For the longest time I’ve wanted to do time-lapse photography. Not video sped up 800% in iMovie, but actual take-a-photograph-every-10-seconds time lapse. And since I’ve got a camera that is suited to doing that, I figured it was time.
A New Tool for my Bag
This week, I picked this up at Amazon, a Shoot remote timer that works with my camera. It allows for timing of the shutter release at just about any interval you can imagine. Set it to start shooting in X seconds or minutes and continue to shoot every X seconds or minutes until X photos have been shot. Or, shoot until you run out of space on your memory card or the battery in your camera dies. Automatically. As a bonus, this also works as a standard remote shutter release. Even without batteries, this feature works.
Then it was time to study up on best practices for doing time-lapse photography. For those of you that don’t know what time-lapse is:
>Time-lapse photography is a cinematography technique whereby the frequency at which film frames are captured (the frame rate) is much lower than that which will be used to play the sequence back. When replayed at normal speed, time appears to be moving faster and thus lapsing. For example, an image of a scene may be captured once every second, and then played back at 30 frames per second; the result would be an apparent increase of speed by 30 times. Time-lapse photography can be considered to be the opposite of high speed photography.
History lesson out of the way, I started reading up on the best way to set up my camera. As you can see in the sample below, I still have some work to do, but I’m getting close.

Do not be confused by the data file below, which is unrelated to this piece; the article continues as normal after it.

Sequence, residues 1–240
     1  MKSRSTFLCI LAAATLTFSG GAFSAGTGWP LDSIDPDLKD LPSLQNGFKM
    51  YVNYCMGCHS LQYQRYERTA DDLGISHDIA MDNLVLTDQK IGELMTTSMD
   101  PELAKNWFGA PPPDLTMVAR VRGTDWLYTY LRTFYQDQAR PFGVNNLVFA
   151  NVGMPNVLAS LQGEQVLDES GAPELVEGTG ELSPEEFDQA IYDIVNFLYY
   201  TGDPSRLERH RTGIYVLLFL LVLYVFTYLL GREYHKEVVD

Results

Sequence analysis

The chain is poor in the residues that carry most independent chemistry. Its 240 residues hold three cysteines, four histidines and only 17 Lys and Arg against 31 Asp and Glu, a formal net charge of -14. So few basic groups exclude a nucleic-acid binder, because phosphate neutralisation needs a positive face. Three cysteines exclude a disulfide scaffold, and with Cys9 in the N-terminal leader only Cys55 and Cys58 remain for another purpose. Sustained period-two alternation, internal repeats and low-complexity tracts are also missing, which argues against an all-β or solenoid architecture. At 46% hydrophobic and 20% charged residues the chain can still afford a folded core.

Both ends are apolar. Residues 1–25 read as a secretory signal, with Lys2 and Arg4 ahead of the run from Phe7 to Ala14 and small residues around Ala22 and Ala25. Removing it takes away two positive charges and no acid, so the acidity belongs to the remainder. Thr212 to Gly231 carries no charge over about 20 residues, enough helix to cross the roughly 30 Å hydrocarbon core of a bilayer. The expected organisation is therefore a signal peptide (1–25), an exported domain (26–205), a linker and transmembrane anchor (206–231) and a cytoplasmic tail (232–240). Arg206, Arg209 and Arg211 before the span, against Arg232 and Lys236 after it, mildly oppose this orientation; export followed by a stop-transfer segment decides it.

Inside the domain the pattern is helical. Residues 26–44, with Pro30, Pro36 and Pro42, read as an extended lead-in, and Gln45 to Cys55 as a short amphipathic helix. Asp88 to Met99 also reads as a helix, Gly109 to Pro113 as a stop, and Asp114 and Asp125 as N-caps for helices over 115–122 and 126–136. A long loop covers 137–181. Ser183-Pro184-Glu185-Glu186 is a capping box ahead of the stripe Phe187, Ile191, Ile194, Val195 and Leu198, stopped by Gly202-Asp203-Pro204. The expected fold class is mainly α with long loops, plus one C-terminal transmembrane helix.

This was shot over the course of about 90 minutes in the heat of the Arizona sun. The camera used was my Canon Rebel XT capturing the photos in jpeg. The timer was set for 20 second intervals which created 145 photographs.
I created a custom action in Photoshop to process the photos. It did some minor color correction (but not enough), image and canvas resizing and some cropping. I fired it up and about 10 minutes later I had a batch of photos ready to put into a time-lapse film.
I used iMovie ’11 this time, but I can tell you from previous experience that Picasa does a better job. Sure there are specialized apps that do this for you, quite nicely, but my budget doesn’t allow for such things.
In iMovie, the shortest interval I was able to set the photos to display at was .1 of a second. That is 10 frames per second. In Picasa, you can set it to pretty much any duration you want, and then import that into iMovie for further editing. We’ll talk more about Picasa later.
Next time I do this for a short interval like this I will be shooting in raw instead of jpeg so I can process the photos better if needed. I also need to pay better attention to the aperture and shutter speeds, which is to say that it’s time for me to become a real photographer, paying attention and learning what f-stops are and how to actually use my camera in full manual mode, not just aperture priority.